“Om du gör så här kommer killen att älska dig”
En intervjustudie om unga tjejers sexuella självuppfattning och TikTok
TikTok is a social media platform centered around short user-produced video clips. It is one of the biggest social media platforms in the world with one billion active users, the majority of which are made up of young people. In Sweden most users are under the age of 24 and most of them are girls. The difference between TikTok and other social media like Instagram and Facebook is that the content is highly personalized based on algorithmic calculations. Previous interaction, such as liking, commenting, or sharing content, presents the user with what new research terms The Algorithmized Self, a reflection of one’s own identity through the algorithm (Bhandari & Bimo, 2022). Furthermore, the app is ripe with sexual content, where sex-ed, nudity, tips about sexual activity and dating are common. Previous research has shown that the media is an influential aspect of young people’s sexual socialization (Shafer m.fl, 2013). Media presents sexual scripts of favorable and unwanted behavior that the young person internalizes and uses in their everyday life, TikTok is no exception. Furthermore, previous research has shown that girls, when discussing their sexuality online, tend to focus
on how to please men (Grisso & Weiss, 2005). Women also tend to accept information about male sexuality more easily since they do not have that experience themselves (Ward & Rivadenyra, 1999).
Interviews were conducted with nine Swedish females in the ages between 16 and 23 performed in groups of two or separate. Through this we hoped to gain insight into young women’s experience of sexual content on TikTok and what it says about their sexual selfconcept. All interviews were conducted with two interviewers and were recorded and transcribed. Theories used in development and analysis of the study were Media Practice Model (Steele & Brown, 1995) and Sexual Self Concept (Hensel et al. 2010). The choice to
focus on only young women’s sexual self-concept is based on previous research that shows that women’s sexuality long has been a subject surrounded by taboo and controlled by other than the woman herself. Social media has also been found to act as a safe space for women to discuss and discover aspects of their sexuality that they cannot do in real life.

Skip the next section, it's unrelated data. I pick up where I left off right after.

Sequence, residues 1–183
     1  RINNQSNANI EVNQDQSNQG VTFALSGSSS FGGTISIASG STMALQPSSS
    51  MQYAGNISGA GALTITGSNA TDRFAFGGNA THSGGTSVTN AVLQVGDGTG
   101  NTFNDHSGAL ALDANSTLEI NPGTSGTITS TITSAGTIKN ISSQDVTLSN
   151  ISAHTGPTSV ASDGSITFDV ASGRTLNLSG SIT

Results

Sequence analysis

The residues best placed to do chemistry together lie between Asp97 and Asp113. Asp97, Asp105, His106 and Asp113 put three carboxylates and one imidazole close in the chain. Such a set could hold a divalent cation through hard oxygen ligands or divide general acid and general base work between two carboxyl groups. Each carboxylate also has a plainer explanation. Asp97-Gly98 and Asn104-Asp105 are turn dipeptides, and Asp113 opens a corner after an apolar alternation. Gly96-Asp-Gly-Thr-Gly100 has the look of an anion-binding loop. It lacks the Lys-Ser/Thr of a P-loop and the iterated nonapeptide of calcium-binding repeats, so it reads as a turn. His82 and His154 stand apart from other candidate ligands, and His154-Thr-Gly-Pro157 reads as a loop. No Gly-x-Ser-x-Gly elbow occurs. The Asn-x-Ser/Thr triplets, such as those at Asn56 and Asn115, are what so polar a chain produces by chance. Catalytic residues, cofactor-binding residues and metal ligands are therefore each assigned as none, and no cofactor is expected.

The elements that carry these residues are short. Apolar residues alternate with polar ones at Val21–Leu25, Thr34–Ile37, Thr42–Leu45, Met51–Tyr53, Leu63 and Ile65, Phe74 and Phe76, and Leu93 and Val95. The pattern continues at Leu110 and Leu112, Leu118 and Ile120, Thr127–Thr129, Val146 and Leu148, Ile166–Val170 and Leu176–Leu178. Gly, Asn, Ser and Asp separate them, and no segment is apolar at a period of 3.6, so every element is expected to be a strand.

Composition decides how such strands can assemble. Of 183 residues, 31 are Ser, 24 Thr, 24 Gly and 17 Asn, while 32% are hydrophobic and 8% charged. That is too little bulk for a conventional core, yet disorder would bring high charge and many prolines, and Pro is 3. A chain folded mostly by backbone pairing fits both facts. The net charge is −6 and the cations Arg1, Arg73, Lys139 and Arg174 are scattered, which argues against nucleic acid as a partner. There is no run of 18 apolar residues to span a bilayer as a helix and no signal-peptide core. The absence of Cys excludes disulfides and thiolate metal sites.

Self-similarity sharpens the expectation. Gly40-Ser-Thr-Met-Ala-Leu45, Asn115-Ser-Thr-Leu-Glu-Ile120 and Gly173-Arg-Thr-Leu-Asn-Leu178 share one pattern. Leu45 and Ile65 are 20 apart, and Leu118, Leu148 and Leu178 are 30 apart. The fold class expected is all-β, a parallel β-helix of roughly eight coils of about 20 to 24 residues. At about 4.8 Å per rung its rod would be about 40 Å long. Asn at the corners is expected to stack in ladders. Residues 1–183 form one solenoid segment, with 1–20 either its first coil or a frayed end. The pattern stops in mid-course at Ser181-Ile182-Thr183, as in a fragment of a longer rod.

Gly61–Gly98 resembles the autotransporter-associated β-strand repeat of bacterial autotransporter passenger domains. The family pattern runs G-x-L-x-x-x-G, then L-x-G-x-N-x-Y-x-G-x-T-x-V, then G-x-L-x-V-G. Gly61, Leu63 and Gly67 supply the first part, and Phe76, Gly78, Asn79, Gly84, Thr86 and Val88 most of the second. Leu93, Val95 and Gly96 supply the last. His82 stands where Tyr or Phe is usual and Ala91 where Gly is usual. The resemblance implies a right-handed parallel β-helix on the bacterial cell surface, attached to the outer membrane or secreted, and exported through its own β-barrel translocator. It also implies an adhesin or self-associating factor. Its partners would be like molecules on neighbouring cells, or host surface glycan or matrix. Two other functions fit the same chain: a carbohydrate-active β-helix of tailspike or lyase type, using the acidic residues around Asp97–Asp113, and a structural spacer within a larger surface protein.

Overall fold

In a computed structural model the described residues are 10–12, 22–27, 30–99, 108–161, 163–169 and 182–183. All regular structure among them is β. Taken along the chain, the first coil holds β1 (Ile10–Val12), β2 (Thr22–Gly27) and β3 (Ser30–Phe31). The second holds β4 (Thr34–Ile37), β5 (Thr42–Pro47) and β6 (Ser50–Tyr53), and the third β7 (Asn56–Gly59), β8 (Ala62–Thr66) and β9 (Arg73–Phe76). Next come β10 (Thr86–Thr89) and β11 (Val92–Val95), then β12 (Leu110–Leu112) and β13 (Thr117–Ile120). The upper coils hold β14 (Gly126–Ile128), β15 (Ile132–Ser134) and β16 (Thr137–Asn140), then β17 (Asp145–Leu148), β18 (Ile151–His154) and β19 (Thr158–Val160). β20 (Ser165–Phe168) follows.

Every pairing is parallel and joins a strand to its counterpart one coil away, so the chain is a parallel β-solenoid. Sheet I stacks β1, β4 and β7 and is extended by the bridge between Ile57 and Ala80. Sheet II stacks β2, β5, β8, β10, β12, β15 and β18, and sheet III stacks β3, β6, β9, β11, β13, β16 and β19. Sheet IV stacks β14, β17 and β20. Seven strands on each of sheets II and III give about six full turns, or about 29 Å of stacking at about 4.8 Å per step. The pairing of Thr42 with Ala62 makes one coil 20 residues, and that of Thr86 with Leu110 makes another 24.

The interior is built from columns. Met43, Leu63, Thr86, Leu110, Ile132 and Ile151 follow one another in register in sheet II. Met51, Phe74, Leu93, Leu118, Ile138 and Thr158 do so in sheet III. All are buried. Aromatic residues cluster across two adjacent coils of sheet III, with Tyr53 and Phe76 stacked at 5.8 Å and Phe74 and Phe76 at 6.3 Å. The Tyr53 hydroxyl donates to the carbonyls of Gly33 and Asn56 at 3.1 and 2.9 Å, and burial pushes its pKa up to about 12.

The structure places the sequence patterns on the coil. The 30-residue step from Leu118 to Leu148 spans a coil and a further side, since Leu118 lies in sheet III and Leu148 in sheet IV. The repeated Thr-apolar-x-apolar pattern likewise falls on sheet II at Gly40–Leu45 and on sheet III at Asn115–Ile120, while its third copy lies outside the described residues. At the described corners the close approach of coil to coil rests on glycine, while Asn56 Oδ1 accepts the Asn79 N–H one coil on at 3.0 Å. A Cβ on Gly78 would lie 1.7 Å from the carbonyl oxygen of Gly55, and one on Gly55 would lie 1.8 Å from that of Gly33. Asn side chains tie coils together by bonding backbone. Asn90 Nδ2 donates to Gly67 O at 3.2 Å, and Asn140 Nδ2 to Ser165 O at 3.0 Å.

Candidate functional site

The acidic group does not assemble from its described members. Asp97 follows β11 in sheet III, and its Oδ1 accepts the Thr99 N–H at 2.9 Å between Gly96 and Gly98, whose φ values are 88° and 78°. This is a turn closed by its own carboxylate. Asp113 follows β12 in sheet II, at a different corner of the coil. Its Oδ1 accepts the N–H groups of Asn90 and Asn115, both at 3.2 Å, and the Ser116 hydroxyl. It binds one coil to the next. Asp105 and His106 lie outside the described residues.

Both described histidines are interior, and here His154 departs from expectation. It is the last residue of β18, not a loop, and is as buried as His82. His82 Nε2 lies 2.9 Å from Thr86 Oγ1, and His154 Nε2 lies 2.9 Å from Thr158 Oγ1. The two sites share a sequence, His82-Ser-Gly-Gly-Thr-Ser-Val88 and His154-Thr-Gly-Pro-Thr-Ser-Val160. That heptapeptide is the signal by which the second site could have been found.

The results of this study show that the interviewees were exposed to several media scripts about how to behave, look and navigate to succeed in romantic relationships and sexual encounters. They were presented with both helpful and truthful as well as misleading information which they either accepted or rejected. The interviewees expressed a concern that this false sexual information could mislead young people without any previous sexual
experience. Previous research has shown that young people more easily accept sexual media messages about things they do not have personal experience of, which we also found signs of in this study. In addition to this, we discovered indications that sexual media messages on TikTok could both weaken and strengthen sexual esteem. Interviewees with strong sexual
esteem stated that they would question themselves in a sexual context when they were confronted with sexual media models or messages they could not identify with. On the other hand, sexual esteem seemed to increase by TikTok enabling normalization of their own sexual desires, act as inspiration and helped them discuss sex with friends and partners.
Our results align with previous research that TikTok’s algorithm reflects identity back to the user. Our findings indicate that the app’s “For You Page” might be used to confirm and reinforce young people’s already existing sexual self-concepts, whether they be positive or negative. This is of importance since research has shown a connection between sexual self concept and young people’s sexual health.